Last week I attended a breakfast seminar at the Institute of Management Consultants (IMC) Northern California chapter in San Francisco.
My partner, Jeff Thompson, is a board member so how could I refuse? Plus the topic was intriguing enough– “Expert Panel Shares Internet Secrets to Grow Your Business.”
Panelists were: John Girard, CEO of Clickability, Chris Peterson, CEO of Chautauquacom, Celeste Bishop, President of Bishop Market Resources, Cal Lai, CEO of Sitoa, Redge martin, President of Clars, and moderator Rebecca Morgan. All of them use Web 2.0 technologies/tools to improve user participation for their businesses.
Some of the best examples of active user participation and user ownership of content are: Wikipedia, YouTube, MySpace, Yelp, and Angieslist. These sites provide 100% user generated, free content. Cal describes this as the “nodes” having the power not the central “host”. That makes sense for consumer websites but what about for businesses? I share here the anecdotes that I personally found very interesting.
LogiTech uses Lithium to power a user-owned bulletin board. Since using Lithium LogiTech is much more involved in the conversation that is already happening “out there” about them. It’s resulted in a dozen new product features and much more effective user support.
Sprint/NexTel uses Lithium as well. To Sprint’s credit, they don’t attempt to manage the user participation but rather understand and embrace it. One user even wrote “Sprint/Nextel has got to be one of the worst companies for customer service.” And no one at Sprint deleted the message. Talk about user power.
Salesforce.com uses Lithium too for its community development and nurturing programs. Their ecosystem of customers, partners, consultants, and integrators actively talks about implementations. Like most discussion boards it has threads on support, product features, and company gossip. But Salesforce.com has gone beyond that by setting up a special forum for exchanging ideas, and for submitting inputs to their product managers on new product feature development. Salesforce.com so trusts this community that puts out its product roadmap in its idea exchange.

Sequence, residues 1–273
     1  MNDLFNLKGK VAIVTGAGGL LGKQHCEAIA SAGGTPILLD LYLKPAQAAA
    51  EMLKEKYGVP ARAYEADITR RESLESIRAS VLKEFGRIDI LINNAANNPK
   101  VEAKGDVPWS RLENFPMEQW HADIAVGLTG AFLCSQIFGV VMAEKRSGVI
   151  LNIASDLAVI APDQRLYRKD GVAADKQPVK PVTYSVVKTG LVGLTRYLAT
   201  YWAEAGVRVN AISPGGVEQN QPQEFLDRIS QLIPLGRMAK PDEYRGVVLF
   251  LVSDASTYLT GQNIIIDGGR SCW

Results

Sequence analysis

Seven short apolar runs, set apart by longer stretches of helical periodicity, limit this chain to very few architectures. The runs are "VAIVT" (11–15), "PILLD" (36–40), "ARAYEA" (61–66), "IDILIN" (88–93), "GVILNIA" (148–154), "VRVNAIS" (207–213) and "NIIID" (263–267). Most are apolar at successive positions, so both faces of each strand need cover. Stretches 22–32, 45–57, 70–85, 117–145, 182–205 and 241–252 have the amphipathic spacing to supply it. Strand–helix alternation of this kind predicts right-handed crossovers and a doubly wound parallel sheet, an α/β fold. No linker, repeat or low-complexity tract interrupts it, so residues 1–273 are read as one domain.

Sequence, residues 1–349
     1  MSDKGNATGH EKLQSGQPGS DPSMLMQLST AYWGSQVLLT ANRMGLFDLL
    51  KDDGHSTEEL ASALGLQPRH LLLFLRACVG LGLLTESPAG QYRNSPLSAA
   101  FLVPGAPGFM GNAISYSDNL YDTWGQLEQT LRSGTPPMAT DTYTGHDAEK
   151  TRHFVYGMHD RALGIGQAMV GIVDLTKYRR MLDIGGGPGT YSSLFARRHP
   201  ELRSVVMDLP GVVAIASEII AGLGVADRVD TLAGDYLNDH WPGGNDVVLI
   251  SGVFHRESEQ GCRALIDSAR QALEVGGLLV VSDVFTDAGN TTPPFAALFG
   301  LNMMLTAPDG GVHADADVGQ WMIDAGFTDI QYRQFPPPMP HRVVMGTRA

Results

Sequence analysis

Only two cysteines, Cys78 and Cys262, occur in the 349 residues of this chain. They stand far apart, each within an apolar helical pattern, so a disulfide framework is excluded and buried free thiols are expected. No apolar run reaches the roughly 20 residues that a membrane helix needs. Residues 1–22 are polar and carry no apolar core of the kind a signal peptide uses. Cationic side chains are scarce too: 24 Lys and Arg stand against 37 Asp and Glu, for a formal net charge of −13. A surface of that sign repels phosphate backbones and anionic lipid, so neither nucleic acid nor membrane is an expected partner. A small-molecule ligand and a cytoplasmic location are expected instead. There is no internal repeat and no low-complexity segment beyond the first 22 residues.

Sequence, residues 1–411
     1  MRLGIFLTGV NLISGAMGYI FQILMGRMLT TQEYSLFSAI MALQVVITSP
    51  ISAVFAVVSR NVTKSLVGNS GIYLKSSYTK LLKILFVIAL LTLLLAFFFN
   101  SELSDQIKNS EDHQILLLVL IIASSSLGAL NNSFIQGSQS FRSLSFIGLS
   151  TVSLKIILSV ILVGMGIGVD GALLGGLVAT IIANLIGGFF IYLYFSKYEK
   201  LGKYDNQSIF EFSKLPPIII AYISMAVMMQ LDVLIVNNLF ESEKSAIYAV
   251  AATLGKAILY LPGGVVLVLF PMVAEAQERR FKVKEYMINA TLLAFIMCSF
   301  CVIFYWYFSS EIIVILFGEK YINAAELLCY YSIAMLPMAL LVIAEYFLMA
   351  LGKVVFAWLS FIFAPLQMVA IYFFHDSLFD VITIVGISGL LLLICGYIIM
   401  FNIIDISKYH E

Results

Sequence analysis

Cisco hosts a discussion group called “NetPros.” You’ll see that commenters are peers rated and self-policed. I’m certain that Cisco tees up topics of popular interest but the content is 100% owned by the community. Can you imagine a better place to get product support, gather input on future product development, and identify the thought leaders? And can you imagine how much more impact this forum has on potential customers than traditional advertising?
Home Depot. Did you know you can buy computers and wireless routers at Home Depot? What? Why? Turns out the contractors make up a substantial percentage of Home Depot’s business. And contractors are basically small business owners. Cal of Sitoa helped HomeDepot sell more products/services to these contractors. In fact, PC related products now make up 5% of HomeDepot’s online business. HomeDepot has changed how contractors see HomeDepot; they aren’t just a place to buy construction related supplies but rather a place to support their business growth. HomeDepot is capturing greater share of wallet by being a more valuable partner to contractors which starts by listening to them.
Webex decided to cut way back on advertising and invest more in facilitating online user and developer communities. Remember those annoying spam messages from Webex marketing? Webex has virtually done away with such blasts in favor of tuning into user conversations happening independent of them. Evidently, their cost per lead is half what it was and the quality per lead has gone way up.